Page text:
Editors' pick

Animal Kingdom

Critic rating:
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MPAA rating: R
Genre: Drama
Welcome to the Melbourne underworld. It's the Wild West, played out on the city's streets. Armed robber Pope Cody is on the run from a gang of renegade detectives who want him dead. His business partner and best friend, Barry "Baz" Brown. wants out of the game. Pope's younger brother Craig Cody is making a fortune in the illicit substances trade, whilst the youngest Cody brother, Darren, naively navigates his way through this criminal world -- the only world his family has ever known.
Starring: Ben Mendelsohn, Jacki Weaver, Guy Pearce, Luke Ford, Joel Edgerton, Sullivan Stapleton, James Frecheville, Daniel Wyllie, Anthony Hayes, Laura Wheelwright
Director: David Michôd
Running time: 1:52
Release: Opened Aug 27, 2010
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Editorial Review

Orphan joins crime clan: Not a pretty picture
By Stephanie Merry
Friday, August 27, 2010

Anyone who claims to be part of a dysfunctional family might want to take a gander at the Codys, a clan of car thieves, bank robbers, druggies, dealers and murderers, and the subjects of the dark Australian drama "Animal Kingdom."

The film, which won writer-director David Michôd the world cinema jury prize at Sundance this year, wastes no time shocking its audience with the breezy way it handles bleak material. A woman, overdosed on heroin, sits crumpled on a couch as paramedics try to revive her. But her teenage son can't seem to peel himself away from the television. His eyes are glazed, unaffected. When she dies, leaving J (James Frecheville) orphaned, this baby bird falls out of the nest and into a lion's den, moving in with his estranged grandmother and meeting the rest of his fearsome relatives: four uncles, who demonstrate varying degrees of depravity. When J arrives, he finds the group in crisis, as vigilante police officers have begun murdering suspected criminals. The dirty cops have the Codys in their sights.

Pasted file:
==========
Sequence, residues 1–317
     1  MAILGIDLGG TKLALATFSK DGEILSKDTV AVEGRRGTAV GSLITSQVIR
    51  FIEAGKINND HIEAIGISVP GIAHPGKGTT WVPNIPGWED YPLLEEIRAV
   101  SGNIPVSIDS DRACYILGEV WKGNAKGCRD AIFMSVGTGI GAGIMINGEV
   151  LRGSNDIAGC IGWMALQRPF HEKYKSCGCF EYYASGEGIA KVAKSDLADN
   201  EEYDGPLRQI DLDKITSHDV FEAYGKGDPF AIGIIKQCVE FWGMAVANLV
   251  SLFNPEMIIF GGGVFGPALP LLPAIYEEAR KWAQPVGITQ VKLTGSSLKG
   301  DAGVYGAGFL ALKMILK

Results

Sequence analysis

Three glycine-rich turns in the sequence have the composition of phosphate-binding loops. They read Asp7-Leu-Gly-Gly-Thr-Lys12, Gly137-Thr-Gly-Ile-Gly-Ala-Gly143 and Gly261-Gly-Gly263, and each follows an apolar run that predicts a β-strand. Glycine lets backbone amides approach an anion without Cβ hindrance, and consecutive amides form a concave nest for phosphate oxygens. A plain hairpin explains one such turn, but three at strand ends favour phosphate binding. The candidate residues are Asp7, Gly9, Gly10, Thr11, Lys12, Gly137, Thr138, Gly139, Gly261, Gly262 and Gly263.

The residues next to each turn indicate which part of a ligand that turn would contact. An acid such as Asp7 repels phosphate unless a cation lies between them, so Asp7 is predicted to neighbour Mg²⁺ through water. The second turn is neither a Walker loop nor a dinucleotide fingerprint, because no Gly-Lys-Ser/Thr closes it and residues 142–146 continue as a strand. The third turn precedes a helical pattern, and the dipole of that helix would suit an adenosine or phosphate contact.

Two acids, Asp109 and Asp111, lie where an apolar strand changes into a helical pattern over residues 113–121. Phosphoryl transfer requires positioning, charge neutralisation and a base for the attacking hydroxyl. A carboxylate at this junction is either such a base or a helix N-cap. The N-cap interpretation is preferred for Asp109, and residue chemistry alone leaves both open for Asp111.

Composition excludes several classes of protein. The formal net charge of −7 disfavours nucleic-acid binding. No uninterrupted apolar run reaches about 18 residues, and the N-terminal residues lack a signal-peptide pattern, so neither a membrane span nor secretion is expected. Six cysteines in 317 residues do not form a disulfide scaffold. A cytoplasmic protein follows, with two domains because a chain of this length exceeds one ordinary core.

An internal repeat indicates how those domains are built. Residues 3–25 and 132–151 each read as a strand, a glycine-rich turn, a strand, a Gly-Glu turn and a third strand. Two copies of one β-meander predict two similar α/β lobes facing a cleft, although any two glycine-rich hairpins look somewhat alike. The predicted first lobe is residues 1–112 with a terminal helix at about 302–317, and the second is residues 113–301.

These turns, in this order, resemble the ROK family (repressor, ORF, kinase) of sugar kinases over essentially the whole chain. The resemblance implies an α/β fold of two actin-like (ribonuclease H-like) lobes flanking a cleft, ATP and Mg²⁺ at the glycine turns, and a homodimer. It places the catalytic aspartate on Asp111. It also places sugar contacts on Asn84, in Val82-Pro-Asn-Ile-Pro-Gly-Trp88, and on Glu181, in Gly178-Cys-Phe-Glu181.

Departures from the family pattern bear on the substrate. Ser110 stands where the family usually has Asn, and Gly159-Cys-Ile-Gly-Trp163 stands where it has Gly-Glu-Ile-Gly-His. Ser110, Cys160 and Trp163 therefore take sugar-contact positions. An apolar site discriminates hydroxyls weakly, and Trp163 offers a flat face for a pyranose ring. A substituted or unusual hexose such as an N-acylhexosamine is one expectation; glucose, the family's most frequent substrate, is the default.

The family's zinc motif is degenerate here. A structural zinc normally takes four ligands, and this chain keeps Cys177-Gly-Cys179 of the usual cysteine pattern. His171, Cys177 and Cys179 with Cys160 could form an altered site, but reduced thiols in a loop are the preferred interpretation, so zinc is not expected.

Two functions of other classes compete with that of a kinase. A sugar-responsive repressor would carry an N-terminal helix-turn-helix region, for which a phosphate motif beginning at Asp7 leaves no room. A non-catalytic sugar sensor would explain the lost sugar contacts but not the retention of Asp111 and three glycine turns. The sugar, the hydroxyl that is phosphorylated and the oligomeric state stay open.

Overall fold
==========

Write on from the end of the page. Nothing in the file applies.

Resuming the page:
It may sound like a cynical ride, but it's also a highly watchable one, thanks to immaculate pacing. The story meticulously unfurls like an apple carefully peeled in one long ribbon to reveal its rotten core.

The most troubling aspect of the story -- and its most compelling -- is the emphasis on banal, everyday life. In one scene, Uncle Baz (Joel Edgerton) teaches his nephew the proper technique for washing his hands after a bathroom visit, while in another, a dirty cop talks about taking his kids to soccer practice. This is business as usual.

The characters are similarly incongruous. Grandma "Smurf," impressively played by Jacki Weaver, is terrifying. With a blond coif and a Stepford smile, she uses the kind of soothing voice one might reserve for an injured puppy even when she's blackmailing a police officer or ordering a hit on someone.

Her son, nicknamed Pope (Ben Mendelsohn), is the unpredictable king of this jungle. He resembles a slow-talking Norman Bates, with crazy in his eyes and a penchant for Hawaiian shirts. When a herd of police officers rushes into the house to arrest him, he offers his visitors a blank stare of boredom. Just another day at the office for him.

The otherwise careful tempo slows down a bit toward the end, as police officer Nathan Leckie (Guy Pearce, looking coplike and mustachioed) tries to save J while incarcerating the Codys. This may give the audience enough time to see the ending before it arrives. Even so, the saga remains a spellbinding narrative that gives new meaning to the phrase family drama.

Contains violence, strong language and drug use.